Waldo Emerson: A Biography
No other American writer has had Emerson’s pervasive (and for many people hateful) influence on America and its writers. Yet there is no satisfactory book on Emerson’s mind itself and his relation to the romantic, bourgeois, “progressive” sense of individual power that became the stock gospel of the nineteenth century. Nietzsche recognized in him a fellow heretic on the mountaintops of the Übermensch; Carlyle, for all his hatred of American democracy, excepted Emerson from his usual tirades; Arnold, George Eliot, and of course Whitman, Thoreau, William James, Justice Holmes, all associated themselves with what Emerson exuded (even on the lecture platform) as an exceptionality that he meant to impart to everyone.
But there is no book that truly does justice to Emerson’s sense of power and how it was lost before its faintest characteristics were absorbed into the conventional “self-reliance” of American capitalism and its synthetic optimism. The reason hes with Emerson himself. He had a genius for faith but scorned belief. He was too “God-intoxicated” and arrogant in his religious independence to be fathomed by the orthodox before the Civil War and the “scientific” sceptics after it. Our savagely disbelieving and of course now fundamentalist contemporaries have not made more intelligible Emerson’s wholly orphic confidence that he had a direct revelation. Especially since he called divinity the “First Cause” or “Over-Soul,” the Great Mind that came down to earth, so to speak, in Nature and that could be read from Nature’s laws.
A stronger reason for the failure of criticism and philosophy to account for Emerson’s mind and his influence is that “the infinitude of the private man” (Emerson called it his only doctrine) was too infinite by far for the audience to whom Emerson spoke. Karl Marx, who began with the same romantic, “Promethean” sense of the power gained by emancipation from conventional religion, projected his sense of power onto a working class that was supposed to carry out the lessons of German philosophy. Nietzsche, for whom the famous “will to power” meant the mandate of genius, not the triumph of Bismarck’s Germany, suffered a similar “misunderstanding” from admirers.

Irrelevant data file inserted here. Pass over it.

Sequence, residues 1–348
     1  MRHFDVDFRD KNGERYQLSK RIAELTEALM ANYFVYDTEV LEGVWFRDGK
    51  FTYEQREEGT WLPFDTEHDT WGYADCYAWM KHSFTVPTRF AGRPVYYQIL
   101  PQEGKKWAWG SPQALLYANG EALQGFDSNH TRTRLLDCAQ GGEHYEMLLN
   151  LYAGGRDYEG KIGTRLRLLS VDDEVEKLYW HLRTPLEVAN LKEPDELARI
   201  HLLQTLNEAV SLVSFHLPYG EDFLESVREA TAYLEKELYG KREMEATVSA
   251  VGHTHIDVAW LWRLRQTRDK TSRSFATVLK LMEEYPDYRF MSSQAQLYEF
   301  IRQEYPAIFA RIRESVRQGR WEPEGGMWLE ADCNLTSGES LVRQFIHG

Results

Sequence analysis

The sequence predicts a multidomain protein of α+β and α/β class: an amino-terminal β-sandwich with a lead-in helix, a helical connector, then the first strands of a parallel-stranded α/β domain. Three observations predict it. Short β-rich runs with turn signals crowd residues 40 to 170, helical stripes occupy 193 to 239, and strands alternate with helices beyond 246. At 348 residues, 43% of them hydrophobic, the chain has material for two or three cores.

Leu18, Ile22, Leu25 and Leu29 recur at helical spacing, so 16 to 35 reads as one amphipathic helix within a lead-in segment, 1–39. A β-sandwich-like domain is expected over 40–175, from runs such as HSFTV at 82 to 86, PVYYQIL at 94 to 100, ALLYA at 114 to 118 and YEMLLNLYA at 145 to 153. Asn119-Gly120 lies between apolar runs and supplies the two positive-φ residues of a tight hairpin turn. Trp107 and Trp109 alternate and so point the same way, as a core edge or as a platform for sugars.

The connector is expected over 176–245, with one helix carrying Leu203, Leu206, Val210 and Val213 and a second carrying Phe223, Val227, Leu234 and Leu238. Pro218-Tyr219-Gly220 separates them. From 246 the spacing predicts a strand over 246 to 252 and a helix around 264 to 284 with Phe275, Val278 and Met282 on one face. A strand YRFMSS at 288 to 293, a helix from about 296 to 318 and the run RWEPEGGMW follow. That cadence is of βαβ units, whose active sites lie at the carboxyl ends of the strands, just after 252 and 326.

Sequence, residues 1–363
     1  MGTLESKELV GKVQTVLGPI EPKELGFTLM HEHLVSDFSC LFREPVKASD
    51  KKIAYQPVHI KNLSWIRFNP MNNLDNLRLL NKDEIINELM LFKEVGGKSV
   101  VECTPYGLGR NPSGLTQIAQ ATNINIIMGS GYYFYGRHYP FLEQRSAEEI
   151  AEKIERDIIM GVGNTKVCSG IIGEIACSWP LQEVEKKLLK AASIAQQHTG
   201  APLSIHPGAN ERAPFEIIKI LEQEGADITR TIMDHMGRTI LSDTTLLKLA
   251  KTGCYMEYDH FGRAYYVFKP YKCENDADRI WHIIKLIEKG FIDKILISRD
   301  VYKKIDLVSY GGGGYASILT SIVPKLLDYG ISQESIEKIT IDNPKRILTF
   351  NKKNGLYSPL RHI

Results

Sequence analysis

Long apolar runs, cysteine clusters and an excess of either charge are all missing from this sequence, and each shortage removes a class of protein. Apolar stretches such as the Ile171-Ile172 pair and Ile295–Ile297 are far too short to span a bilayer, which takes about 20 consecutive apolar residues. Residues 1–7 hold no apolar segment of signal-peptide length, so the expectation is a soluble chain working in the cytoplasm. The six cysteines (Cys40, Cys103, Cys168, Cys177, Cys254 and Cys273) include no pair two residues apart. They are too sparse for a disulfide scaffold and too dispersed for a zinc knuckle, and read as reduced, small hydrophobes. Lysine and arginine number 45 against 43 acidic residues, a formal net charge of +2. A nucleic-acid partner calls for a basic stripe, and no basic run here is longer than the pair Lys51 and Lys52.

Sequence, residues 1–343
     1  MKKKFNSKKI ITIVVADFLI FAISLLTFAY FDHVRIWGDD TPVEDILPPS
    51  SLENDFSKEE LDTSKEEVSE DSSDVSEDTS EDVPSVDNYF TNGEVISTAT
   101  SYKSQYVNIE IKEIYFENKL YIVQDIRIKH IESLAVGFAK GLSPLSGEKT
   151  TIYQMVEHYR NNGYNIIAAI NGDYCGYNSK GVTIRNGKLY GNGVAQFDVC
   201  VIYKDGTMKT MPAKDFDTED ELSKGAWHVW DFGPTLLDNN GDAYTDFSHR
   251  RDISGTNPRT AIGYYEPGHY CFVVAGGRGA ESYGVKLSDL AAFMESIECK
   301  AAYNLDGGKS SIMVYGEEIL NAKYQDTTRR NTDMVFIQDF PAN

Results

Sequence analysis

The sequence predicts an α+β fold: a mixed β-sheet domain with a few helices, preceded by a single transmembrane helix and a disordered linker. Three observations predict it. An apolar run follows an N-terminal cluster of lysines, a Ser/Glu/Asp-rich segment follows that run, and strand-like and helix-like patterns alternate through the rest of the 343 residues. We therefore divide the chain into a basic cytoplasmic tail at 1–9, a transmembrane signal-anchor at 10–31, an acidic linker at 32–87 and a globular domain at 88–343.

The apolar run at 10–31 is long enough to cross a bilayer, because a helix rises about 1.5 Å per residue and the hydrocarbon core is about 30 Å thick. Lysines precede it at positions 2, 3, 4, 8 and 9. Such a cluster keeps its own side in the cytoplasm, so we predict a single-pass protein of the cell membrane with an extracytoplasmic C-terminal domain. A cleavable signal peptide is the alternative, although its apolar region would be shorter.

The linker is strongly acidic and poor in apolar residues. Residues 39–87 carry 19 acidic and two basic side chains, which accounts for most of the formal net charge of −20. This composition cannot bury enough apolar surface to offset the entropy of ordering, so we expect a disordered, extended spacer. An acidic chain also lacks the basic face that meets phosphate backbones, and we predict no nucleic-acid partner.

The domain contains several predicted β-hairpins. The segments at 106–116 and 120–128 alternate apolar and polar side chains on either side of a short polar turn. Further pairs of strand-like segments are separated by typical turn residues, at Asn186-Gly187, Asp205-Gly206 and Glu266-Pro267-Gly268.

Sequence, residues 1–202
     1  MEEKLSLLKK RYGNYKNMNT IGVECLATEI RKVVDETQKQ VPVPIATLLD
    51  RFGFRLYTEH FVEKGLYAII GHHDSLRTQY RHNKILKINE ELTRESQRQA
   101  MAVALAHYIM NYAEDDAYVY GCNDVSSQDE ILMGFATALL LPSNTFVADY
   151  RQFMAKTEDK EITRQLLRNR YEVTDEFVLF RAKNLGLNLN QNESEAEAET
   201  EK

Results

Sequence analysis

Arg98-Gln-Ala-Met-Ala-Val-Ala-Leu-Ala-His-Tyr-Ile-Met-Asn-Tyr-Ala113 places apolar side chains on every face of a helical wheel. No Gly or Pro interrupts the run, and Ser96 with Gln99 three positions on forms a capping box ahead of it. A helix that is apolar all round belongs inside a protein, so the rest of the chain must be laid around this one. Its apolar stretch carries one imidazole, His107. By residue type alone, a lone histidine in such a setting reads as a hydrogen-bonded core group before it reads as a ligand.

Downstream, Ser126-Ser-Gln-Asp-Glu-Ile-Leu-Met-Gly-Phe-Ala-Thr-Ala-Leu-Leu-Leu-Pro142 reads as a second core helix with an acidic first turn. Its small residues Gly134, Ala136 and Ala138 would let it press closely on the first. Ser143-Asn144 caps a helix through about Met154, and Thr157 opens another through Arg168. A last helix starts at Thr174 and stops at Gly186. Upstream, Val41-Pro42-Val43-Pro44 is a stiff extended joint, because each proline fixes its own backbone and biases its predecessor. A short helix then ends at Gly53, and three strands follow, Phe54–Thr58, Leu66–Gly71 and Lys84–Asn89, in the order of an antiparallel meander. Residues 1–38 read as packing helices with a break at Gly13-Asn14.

Emerson himself contributed to the necessary secularizing of his thought. As a perfectionist in everything relating to his country, he assumed that emancipation from mere church and creed would give a special energy to the century of “progress.” A “race of titans” might yet develop. Instead, he discovered (to Melville’s jeering delight) that “the calamity is the masses.” Poor “masses,” who never knew that Emerson, who knew his exceptionality all too well and fully espoused the romantic cult of genius, had democracy less at the center of his thought than “ye must be perfect even as your Father in Heaven is perfect.” Emerson’s belief in the individual as pure power, “man thinking,” an “active soul,” was so secure in “the moral law” that he called it a law of nature proved by “science.” He was a great believer in science …
This article is available to online subscribers only.
Please choose from one of the options below to access this article:
Purchase a print premium subscription (20 issues per year) and also receive online access to all all content on nybooks.com.
Purchase an Online Edition subscription and receive full access to all articles published by the Review since 1963.
Purchase a trial Online Edition subscription and receive unlimited access for one week to all the content on nybooks.com.